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Arizona Independent Redistricting Commission The Redistricting Process.

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Presentation on theme: "Arizona Independent Redistricting Commission The Redistricting Process."— Presentation transcript:

1 Arizona Independent Redistricting Commission The Redistricting Process

2 Overview 1.Why do we have a Redistricting Commission? 2.What is redistricting? 3.What is the difference between reapportionment and redistricting? 4.Why do we have to redistrict? 5.What guidelines need to be followed when drawing new districts? 6.What are the steps in the redistricting process? 7.How can public input be submitted to the AIRC? 2

3 1. Why do we have a Redistricting Commission? This is the 2nd time Arizona's districts will be redrawn by the Arizona Independent Redistricting Commission. In 2000 when Arizona voters approved Proposition 106 they created the Arizona Independent Redistricting Commission and established a process and criteria for drawing new district lines. The commission is made up of two Democrats, two Republicans and an independent Chair elected by the other commissioners. The fifth member shall not be registered with any party already represented on the Commission. The 2011 AIRC members are: 3 Scott Freeman, Vice Chair Jose Herrera, Vice Chair Colleen Mathis, Chair Linda McNulty Richard Stertz RepublicanDemocratIndependentDemocratRepublican Maricopa County Pima County

4 2. What is Redistricting? Redistricting is the process of redrawing congressional and legislative district lines. 3. What is the difference between redistricting and reapportionment? The two terms are often used interchangeably. Technically, there is a difference. Reapportionment is the process of allocating congressional districts among the states based on changes in population. – Because of population growth over the last decade, Arizona was allocated an additional congressional district after the 2010 census, going from eight to nine districts. Redistricting is the process of drawing the actual boundaries of the districts. 4

5 4. Why do we have to redistrict? Because AZ gained a congressional district, new lines will have to be drawn to add the new district. Even if AZ had not gained a district, the congressional and legislative districts lines would have to be redrawn to account for changes in population. The concept of one-person, one-vote dictates that there should be as close to the same number of people per district as possible. Because the rate of population growth is different in different areas, the existing districts now have different populations. 5

6 5. What guidelines need to be followed when drawing new districts? A: Must comply with the U.S Constitution and the Voting Rights Act B: Equal Population – Criteria A and B are federally mandated. All plans must satisfy these two criteria. C: Compact and Contiguous D: Respect communities of interest E: Use visible geographic features, city town and county boundaries, and undivided Census Tracts F: Create competitive districts where no significant detriment to other goals 6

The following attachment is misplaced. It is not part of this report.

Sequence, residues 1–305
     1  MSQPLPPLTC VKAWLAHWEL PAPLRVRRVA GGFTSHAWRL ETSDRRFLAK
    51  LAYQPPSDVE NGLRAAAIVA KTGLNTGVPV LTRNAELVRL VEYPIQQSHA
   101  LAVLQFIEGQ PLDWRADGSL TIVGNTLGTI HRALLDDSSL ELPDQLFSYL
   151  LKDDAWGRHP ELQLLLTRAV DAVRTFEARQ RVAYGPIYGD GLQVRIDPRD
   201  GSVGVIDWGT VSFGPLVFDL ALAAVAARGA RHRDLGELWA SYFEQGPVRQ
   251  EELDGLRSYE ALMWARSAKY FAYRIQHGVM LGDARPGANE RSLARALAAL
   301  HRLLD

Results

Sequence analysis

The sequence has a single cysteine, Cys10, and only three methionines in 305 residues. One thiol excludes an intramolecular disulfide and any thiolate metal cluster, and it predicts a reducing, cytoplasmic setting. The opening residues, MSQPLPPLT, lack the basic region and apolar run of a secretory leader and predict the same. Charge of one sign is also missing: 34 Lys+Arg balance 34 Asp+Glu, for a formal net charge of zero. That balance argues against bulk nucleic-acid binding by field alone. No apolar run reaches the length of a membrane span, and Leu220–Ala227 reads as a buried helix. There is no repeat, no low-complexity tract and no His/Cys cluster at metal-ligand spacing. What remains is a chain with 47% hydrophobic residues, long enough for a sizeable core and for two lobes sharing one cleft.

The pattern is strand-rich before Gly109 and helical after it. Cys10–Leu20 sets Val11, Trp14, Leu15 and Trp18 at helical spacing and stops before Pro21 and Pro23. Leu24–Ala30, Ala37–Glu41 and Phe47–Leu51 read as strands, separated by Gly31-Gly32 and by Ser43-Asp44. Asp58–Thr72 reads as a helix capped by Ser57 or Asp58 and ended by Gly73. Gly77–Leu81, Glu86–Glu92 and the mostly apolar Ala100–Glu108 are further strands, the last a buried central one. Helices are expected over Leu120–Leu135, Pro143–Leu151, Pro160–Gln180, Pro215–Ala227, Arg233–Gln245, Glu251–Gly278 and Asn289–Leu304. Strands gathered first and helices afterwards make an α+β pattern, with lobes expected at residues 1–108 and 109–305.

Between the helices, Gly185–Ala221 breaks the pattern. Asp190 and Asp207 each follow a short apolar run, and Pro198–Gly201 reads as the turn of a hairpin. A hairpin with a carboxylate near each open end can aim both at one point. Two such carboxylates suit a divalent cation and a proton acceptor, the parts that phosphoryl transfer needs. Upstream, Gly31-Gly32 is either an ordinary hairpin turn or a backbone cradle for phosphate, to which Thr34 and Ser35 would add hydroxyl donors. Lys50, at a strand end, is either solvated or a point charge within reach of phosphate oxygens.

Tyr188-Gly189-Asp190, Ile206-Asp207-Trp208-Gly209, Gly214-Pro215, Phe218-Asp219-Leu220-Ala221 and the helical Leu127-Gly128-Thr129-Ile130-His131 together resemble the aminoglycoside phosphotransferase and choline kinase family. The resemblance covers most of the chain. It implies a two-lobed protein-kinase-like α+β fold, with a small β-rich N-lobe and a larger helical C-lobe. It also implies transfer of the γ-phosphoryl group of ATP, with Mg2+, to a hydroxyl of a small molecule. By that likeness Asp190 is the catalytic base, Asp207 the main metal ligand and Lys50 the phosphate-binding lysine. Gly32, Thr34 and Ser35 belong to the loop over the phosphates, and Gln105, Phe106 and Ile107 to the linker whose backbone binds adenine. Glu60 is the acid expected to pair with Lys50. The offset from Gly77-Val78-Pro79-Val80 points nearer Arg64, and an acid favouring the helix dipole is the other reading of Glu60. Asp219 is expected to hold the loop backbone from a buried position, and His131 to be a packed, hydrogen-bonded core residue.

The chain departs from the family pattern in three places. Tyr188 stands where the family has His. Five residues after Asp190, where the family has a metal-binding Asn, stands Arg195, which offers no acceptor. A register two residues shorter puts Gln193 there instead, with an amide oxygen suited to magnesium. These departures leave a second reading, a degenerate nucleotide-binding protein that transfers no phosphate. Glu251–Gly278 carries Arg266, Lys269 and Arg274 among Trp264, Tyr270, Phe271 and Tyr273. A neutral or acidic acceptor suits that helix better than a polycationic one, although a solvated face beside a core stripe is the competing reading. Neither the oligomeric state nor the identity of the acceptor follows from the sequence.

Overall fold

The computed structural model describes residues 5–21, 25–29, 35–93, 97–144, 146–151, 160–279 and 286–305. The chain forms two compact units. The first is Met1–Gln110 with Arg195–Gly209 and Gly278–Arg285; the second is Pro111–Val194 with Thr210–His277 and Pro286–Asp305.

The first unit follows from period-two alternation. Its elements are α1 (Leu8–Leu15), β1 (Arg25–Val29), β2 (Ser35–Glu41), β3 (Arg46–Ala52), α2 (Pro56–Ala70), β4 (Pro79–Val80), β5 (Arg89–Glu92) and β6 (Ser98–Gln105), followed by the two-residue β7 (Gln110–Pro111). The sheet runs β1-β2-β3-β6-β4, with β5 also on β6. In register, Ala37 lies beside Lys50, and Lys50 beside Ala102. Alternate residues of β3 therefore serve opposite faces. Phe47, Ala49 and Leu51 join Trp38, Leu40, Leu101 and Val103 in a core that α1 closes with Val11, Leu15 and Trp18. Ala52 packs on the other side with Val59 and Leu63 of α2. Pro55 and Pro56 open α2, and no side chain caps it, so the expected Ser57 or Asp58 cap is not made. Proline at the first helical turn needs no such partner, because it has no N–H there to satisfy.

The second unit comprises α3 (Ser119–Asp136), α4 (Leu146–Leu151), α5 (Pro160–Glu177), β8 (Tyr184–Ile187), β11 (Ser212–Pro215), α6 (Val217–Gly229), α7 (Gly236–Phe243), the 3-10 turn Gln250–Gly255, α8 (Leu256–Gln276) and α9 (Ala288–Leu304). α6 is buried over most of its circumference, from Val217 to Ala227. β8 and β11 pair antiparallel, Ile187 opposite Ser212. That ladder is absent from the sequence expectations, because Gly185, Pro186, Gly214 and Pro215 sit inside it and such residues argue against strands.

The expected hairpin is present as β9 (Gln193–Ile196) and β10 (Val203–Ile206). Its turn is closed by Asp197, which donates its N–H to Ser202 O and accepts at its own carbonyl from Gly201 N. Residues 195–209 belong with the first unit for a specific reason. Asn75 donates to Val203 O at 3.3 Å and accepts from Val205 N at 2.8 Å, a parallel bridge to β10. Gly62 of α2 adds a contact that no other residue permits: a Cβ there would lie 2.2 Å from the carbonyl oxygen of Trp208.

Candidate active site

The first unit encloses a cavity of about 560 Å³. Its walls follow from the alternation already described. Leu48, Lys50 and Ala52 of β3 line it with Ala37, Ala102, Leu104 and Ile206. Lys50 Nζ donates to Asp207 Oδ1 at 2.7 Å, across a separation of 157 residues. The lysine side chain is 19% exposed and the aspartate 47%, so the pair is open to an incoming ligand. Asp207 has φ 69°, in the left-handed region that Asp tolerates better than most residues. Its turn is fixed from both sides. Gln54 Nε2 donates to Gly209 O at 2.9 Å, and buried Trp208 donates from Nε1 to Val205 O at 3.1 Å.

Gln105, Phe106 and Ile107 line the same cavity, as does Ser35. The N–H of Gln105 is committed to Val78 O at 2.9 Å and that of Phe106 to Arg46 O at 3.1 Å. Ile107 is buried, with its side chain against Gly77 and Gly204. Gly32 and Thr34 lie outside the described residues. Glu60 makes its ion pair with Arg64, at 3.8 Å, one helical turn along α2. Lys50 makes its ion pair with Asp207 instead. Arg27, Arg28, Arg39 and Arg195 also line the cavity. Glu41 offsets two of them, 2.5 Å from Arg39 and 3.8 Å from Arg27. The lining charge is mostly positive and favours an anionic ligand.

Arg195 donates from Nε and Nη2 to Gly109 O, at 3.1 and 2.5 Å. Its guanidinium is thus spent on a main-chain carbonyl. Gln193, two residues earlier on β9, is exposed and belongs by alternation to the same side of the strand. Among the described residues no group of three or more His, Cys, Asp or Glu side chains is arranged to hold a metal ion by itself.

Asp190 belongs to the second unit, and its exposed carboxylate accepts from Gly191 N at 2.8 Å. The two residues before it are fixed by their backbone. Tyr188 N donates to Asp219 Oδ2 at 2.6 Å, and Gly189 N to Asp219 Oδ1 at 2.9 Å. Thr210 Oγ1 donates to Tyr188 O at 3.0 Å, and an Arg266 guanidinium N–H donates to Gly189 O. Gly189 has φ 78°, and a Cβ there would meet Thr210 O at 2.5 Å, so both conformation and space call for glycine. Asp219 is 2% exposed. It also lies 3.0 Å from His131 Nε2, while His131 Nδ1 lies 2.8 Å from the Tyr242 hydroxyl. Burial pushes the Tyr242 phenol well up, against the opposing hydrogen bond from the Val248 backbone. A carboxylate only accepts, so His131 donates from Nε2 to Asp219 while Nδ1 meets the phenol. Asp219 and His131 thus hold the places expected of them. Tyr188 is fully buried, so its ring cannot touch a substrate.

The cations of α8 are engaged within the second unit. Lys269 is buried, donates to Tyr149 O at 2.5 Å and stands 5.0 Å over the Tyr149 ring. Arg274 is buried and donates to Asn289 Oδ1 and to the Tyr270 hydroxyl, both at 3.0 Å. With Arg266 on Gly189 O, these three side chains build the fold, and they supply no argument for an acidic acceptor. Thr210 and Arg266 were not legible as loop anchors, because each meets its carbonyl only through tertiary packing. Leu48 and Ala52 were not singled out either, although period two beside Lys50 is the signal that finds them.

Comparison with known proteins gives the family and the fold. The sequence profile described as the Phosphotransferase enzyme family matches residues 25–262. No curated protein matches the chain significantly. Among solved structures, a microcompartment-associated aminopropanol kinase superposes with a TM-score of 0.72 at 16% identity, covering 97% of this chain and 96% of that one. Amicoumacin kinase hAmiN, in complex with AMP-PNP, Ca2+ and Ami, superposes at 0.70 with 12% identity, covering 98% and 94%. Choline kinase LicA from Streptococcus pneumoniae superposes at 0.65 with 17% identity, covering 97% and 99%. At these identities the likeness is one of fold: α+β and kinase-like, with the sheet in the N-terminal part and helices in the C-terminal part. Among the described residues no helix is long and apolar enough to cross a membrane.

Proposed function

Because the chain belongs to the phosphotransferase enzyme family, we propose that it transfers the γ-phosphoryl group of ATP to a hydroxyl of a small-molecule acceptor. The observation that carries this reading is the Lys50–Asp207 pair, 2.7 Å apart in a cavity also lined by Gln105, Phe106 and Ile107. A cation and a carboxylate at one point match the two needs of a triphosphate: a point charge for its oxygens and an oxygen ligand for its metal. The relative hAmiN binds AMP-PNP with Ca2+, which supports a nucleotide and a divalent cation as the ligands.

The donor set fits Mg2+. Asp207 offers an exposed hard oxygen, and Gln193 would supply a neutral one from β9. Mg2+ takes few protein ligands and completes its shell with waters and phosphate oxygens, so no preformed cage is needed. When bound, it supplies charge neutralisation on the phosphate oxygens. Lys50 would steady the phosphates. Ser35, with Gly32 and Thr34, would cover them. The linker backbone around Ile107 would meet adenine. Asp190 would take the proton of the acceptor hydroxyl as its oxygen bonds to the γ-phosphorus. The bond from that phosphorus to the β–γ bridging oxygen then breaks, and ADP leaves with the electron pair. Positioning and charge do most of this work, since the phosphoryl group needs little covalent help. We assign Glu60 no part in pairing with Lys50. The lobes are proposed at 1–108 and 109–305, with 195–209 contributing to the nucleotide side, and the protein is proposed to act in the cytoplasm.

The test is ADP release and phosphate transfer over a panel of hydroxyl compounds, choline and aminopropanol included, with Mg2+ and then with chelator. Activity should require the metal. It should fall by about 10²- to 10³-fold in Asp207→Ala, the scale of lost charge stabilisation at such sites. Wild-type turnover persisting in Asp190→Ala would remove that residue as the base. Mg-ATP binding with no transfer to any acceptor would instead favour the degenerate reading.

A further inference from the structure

7 6. The AZ Redistricting Process Public hearings to collect input Start with a Grid Map In some states, the previous plans are used as the starting point for the new plans. That is not the case in AZ. In AZ, the starting point is the Grid Map per Prop. 106 The commencement of the mapping process for both the Congressional and Legislative districts shall be the creation of equal population in a grid-like pattern across the state. The initial grid map will likely only meet criteria B and C – B: Equal Population – C: Compact and Contiguous 7

8 The AZ Redistricting Process (continued) Adjusting the grid map to meet the six criteria A: Voting Rights Act – Arizona’s congressional and legislative districts must receive preclearance or approval from the Department of Justice or a federal court under Section 5 of the Voting Rights Act before they can take effect. To get preclearance, Arizona must demonstrate that the new districts do not discriminate against minority voters in purpose or effect, which means there can be no intentional or accidental discrimination. – Under Section 5, Arizona's redistricting plans cannot be retrogressive. The plans cannot weaken or reduce minority voters' rights. – The presence of discrimination can be determined by analyzing population data and election results. 8

9 The AZ Redistricting Process (continued) Adjusting the grid map B: Equal population C: Compact and contiguous D: Respects communities of interest – One of the goals of the AIRC public hearings is to solicit public input about communities of interest. There are forms available at the public hearings, or on the AIRC website that can be used to define an area that you feel should be considered a community of interest. 9

10 The AZ Redistricting Process (continued) E: Use visible geographic features – County boundaries, cities and towns, and Census Tracts – Usually Census geography follows visible features F: Create competitive districts where no significant detriment to other goals 10

11 11 Fill out a request to speak form at a public hearing and provide the commission you input. Example of input includes thoughts on: Criteria Communities of interest Anything else about redistricting You can speak at the hearing, or submit your input using one of the public input forms at the hearing or on the AIRC website. Visit us at or call www.azredistricting.org 7. The AIRC Wants Your Input


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